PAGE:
Input Needed: What to do with our recycling?

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Consultation has concluded

Recycle Reduce Reuse

Input phase has concluded.

The City of Stillwater's recycling program is faced with a nation-wide issue. Your input and ideas are needed.

Cities across the United States, including Stillwater, are facing a lack of market for their recycling waste. Many recycling products are no longer profitable or feasible to process in a cost-efficient way. As a result, the City is looking into other options.

Stillwater needs your input. The City is exploring all options regarding this issue, though many options come with undesirable, yet unavoidable consequences. Have an idea? Share it below!


The National Issue

In the midst of starting Stillwater's recycling program and resolving contamination issues, the markets for recyclable waste crashed. This was mainly due to China stopping acceptance of recyclables from the United States. China determined they had a pollution problem and put measures in place to correct it.

Since then, China has begun to accept items again. However, they have strict guidelines that make shipment of recycling difficult. Currently, the United States does not have the facilities needed to create a product that meets the new guidelines set by China.

Consequently, Cities across the United States are facing the issue of having large amounts of recyclable waste with little place for it to be processed or shipped.

The Local Issue

The City of Stillwater's current recycling process is strained, due to a high contamination of residential recyclable waste and a lack of profitable outlets for the waste to go. As a result, the City is urging residents to focus on being more responsible with what products they place in their recycle carts, while advocating for public input on the future of Stillwater's residential recycling.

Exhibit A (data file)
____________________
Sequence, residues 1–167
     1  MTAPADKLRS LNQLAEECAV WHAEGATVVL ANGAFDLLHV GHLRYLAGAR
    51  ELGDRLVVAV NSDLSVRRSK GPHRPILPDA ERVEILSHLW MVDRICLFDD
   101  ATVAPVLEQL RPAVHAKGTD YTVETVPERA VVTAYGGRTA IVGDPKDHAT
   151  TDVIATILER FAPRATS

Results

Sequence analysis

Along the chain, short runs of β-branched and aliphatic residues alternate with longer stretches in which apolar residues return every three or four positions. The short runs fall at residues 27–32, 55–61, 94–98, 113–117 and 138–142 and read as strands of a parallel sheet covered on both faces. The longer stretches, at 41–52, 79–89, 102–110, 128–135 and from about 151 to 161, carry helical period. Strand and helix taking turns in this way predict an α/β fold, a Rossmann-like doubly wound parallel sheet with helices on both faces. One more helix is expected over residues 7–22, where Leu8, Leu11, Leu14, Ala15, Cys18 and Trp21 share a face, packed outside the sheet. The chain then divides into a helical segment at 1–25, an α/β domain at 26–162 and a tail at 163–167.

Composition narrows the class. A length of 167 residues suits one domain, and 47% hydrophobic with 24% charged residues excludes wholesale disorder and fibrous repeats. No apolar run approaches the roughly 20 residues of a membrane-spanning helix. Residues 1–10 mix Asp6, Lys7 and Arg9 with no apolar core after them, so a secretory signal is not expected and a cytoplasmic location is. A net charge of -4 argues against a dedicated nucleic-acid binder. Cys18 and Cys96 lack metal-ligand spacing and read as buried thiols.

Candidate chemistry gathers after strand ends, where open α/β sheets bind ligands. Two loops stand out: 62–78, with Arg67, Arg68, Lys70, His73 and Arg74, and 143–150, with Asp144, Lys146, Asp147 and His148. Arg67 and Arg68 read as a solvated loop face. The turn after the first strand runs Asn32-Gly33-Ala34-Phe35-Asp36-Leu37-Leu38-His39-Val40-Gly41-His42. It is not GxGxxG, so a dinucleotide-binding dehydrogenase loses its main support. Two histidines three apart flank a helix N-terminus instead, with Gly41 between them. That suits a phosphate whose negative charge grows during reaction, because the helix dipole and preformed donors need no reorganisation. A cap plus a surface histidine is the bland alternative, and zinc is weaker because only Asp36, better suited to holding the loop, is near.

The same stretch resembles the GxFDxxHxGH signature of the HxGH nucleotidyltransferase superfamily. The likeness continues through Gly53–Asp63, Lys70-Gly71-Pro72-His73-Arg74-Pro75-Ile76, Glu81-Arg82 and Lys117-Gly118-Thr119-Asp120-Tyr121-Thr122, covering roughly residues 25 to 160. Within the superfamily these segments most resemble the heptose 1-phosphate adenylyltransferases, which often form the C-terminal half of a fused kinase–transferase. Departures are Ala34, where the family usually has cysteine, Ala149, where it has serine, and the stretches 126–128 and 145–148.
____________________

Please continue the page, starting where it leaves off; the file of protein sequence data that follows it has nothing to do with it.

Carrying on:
Moving forward, what should our City do? Many options exist, but they each come with their own undesirable consequences. Here are some options that have been discussed:

  • The City could ship its recycling to processors in other cities, but this comes with higher recycling rates and likely higher carbon emissions, regarding the many trips to cities over an hour away.
  • The City could reduce the amount of products it accepts to only the most profitable items, although many residents who advocate for recycling options have expressed concerns with this approach.
  • Building our own recycling facility is an option, although this is a long-term, multi-million dollar process that may not prove to be profitable, nor successful, due to the state of the recycling market.
  • Terminating all City recycling and advocating for the reduction of waste entirely is an unfortunate option, although it could be necessary.

History of Stillwater's Recycling Program

Recycling has been performed in some capacity in Stillwater for many years. It began with unmanned sites. The City had three locations: Babcock Park, Boomer Lake and Skyline Elementary. These locations served as an unmanned recycling stop for Stillwater residents to drop and sort their recyclable waste. The unmanned locations did not work as planned, and were often used as dump sites for non-recyclable material.